Toward a Female Genealogy of Transcendentalism

Title Details

Pages: 448

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Paperback

Pub Date: 08/15/2014

ISBN: 9-780-8203-4677-9

List Price: $39.95

Hardcover

Pub Date: 08/15/2014

ISBN: 9-780-8203-4339-6

List Price: $89.95

eBook

Pub Date: 08/15/2014

ISBN: 9-780-8203-4697-7

List Price: $39.95

Toward a Female Genealogy of Transcendentalism

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Traditional histories of the American transcendentalist movement begin in Ralph Waldo Emerson's terms: describing a rejection of college books and church pulpits in favor of the individual power of "Man Thinking." This essay collection asks how women who lacked the privileges of both college and clergy rose to thought. For them, reading alone and conversing together were the primary means of growth, necessarily in private and informal spaces both overlapping with those of the men and apart from them. But these were means to achieving literary, aesthetic, and political authority-indeed, to claiming utopian possibility for women as a whole.

Toward a Female Genealogy of Transcendentalism is a project of both archaeology and reinterpretation. Many of its seventeen distinguished and rising scholars work from newly recovered archives, and all offer fresh readings of understudied topics and texts. First quickened by the 2010 bicentennial of Margaret Fuller's birth, the project reaches beyond Fuller to her female predecessors, contemporaries, and successors throughout the nineteenth century who contributed to or grew from the transcendentalist movement.

Geographic scope also widens-from the New England base to national and transatlantic spheres. A shared goal is to understand this "genealogy" within a larger history of American women writers; no absolute boundaries divide idealism from sentiment, romantics from realists, or white discourse from black. Primary-text interludes invite readers into the ongoing task of discovering and interpreting transcendentally affiliated women. This collection recognizes the vibrant contributions women made to a major literary movement and will appeal to both scholars and general readers.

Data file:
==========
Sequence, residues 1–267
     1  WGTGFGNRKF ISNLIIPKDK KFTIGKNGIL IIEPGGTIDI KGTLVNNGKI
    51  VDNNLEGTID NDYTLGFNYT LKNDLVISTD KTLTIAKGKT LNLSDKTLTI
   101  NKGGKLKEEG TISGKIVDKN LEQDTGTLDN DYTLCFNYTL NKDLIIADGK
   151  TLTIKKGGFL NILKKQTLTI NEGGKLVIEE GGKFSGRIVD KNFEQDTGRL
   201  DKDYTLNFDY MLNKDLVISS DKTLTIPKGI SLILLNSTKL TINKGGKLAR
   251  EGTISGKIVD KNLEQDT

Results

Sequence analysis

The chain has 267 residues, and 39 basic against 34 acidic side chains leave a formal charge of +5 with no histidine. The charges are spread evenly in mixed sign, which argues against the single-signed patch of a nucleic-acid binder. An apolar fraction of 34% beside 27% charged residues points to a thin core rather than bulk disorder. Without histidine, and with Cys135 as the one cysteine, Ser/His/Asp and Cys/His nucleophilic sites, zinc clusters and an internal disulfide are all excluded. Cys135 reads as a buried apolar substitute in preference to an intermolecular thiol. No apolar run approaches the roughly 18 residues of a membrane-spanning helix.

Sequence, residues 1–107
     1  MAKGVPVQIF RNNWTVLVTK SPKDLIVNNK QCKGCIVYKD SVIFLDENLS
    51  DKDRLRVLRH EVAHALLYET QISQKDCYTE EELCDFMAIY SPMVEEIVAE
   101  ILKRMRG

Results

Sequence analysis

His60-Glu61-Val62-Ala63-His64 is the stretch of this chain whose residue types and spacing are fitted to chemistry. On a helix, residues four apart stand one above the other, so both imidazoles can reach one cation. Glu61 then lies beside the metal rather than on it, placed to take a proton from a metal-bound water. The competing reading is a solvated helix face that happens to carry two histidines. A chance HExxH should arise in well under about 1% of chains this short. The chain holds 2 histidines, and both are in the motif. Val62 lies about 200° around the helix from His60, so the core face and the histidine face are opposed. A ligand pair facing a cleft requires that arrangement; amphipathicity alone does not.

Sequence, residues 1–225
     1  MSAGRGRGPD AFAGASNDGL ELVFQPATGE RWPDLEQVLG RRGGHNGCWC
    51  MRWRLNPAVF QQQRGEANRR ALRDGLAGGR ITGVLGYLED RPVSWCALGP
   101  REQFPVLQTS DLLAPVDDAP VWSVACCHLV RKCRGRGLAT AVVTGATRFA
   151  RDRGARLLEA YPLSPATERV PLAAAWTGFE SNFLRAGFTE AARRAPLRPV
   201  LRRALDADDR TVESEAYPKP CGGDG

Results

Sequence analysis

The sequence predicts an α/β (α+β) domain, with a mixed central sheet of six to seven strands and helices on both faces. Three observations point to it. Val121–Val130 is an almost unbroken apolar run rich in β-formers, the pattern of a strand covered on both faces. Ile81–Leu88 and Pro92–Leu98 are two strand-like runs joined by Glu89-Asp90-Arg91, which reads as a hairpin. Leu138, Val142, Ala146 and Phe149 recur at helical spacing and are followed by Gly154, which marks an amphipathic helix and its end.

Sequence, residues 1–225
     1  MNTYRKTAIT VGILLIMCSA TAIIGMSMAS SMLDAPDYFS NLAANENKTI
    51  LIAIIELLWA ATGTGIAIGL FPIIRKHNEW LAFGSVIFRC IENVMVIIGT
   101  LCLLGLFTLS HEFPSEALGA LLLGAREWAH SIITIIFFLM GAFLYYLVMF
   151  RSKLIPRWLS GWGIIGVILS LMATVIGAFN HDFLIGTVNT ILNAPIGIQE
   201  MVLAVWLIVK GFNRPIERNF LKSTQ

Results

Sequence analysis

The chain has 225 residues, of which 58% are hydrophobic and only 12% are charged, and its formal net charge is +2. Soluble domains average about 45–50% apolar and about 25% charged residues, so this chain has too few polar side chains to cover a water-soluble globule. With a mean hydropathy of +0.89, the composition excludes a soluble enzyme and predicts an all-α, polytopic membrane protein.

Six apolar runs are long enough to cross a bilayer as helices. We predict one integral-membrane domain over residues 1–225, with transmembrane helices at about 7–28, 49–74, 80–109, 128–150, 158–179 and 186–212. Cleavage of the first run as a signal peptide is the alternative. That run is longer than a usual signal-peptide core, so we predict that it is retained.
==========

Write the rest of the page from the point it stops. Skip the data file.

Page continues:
An astonishing record of scholarship that examines transcendentalism from the perspective of women writers. The twenty essays in this collection (and the 'interludes' of primary texts interwoven throughout the volume) are proof that women contributed directly and positively to the movement of transcendentalism. No one who reads these outstanding essays and engaging primary materials will doubt that fact.

—Susan Belasco, editor of Stowe in Her Own Time: A Biographical Chronicle of Her Life, Drawn from Recollections, Interviews, and Memoirs by Family, Friends, and Associates

Gathering scores of interpretive essays on transcendentalist women and their sympathetic fellow travelers and interspersing revelatory primary materials among this scholarship, Argersinger and Cole deliver a book that delights and instructs at every turn and on many levels. This is a signal achievement and will redirect the study of both transcendentalism and American romanticism generally.

—Philip F. Gura, author of American Transcendentalism: A History

As this exceptional set of essays reveals, [women] were not merely peripheral players, but active contributors to and practitioners of Transcendentalism from its inception.

—Lydia Willsky-Ciollo, American Studies

Winner

Outstanding Academic Title, Choice magazine

Helen R. Deese

Eric Gardner

Laura Dassow Walls

Sarah Wider

Susan M. Stone

Carol Strauss Sotiropoulos

Sterling Delano

Katherine Adams

Noelle Baker

Dorri Beam

Mary De Jong

Monika Elbert

Ivonne Garcia

Daniel Malachuk

Jeffrey A. Steele

Gary Williams

About the Author/Editor

Jana L. Argersinger (Editor)
JANA L. ARGERSINGER is a coeditor of ESQ: A Journal of the American Renaissance and Poe Studies/Dark Romanticism and serves as president of the Council of Editors of Learned Journals.

Phyllis Cole (Editor)
PHYLLIS COLE is professor of English at Penn State University, Brandywine, and is the author of Mary Moody Emerson and the Origins of Transcendentalism: A Family History, as well as essays on feminist themes in the transcendentalist movement.